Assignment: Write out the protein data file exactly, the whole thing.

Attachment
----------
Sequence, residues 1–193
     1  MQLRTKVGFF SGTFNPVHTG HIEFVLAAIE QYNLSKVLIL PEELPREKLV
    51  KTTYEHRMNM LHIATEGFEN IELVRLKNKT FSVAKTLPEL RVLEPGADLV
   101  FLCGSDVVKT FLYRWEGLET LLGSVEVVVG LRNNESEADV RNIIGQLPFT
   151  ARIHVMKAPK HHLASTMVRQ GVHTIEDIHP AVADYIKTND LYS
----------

Sequence, residues 1–193
     1  MQLRTKVGFF SGTFNPVHTG HIEFVLAAIE QYNLSKVLIL PEELPREKLV
    51  KTTYEHRMNM LHIATEGFEN IELVRLKNKT FSVAKTLPEL RVLEPGADLV
   101  FLCGSDVVKT FLYRWEGLET LLGSVEVVVG LRNNESEADV RNIIGQLPFT
   151  ARIHVMKAPK HHLASTMVRQ GVHTIEDIHP AVADYIKTND LYS